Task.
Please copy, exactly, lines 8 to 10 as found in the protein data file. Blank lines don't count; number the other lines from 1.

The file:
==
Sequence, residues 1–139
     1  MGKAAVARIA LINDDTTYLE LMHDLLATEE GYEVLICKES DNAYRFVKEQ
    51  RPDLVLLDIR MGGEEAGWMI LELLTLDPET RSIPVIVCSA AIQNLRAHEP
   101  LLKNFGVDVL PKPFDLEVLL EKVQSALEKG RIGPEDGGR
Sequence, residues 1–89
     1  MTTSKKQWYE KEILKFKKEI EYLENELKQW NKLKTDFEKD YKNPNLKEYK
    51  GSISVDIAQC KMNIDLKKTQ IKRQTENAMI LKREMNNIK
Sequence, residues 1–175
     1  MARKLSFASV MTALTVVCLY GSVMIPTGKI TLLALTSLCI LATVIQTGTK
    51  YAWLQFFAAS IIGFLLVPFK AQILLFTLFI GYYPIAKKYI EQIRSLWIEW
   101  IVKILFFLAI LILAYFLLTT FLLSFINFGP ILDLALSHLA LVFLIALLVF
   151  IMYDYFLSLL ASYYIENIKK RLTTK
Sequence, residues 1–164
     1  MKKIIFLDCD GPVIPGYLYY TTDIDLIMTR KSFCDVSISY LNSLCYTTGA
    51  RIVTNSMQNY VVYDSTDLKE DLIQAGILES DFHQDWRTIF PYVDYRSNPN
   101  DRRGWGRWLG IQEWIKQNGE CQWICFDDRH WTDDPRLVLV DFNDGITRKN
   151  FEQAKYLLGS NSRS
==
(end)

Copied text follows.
Sequence, residues 1–175
     1  MARKLSFASV MTALTVVCLY GSVMIPTGKI TLLALTSLCI LATVIQTGTK
    51  YAWLQFFAAS IIGFLLVPFK AQILLFTLFI GYYPIAKKYI EQIRSLWIEW